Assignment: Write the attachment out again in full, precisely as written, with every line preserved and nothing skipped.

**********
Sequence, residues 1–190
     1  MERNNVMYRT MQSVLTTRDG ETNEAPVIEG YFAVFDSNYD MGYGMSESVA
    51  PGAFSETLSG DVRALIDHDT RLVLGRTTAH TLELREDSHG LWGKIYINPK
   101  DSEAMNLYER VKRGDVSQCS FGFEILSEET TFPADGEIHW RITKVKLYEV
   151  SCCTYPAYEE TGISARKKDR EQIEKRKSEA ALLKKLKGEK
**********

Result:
Sequence, residues 1–190
     1  MERNNVMYRT MQSVLTTRDG ETNEAPVIEG YFAVFDSNYD MGYGMSESVA
    51  PGAFSETLSG DVRALIDHDT RLVLGRTTAH TLELREDSHG LWGKIYINPK
   101  DSEAMNLYER VKRGDVSQCS FGFEILSEET TFPADGEIHW RITKVKLYEV
   151  SCCTYPAYEE TGISARKKDR EQIEKRKSEA ALLKKLKGEK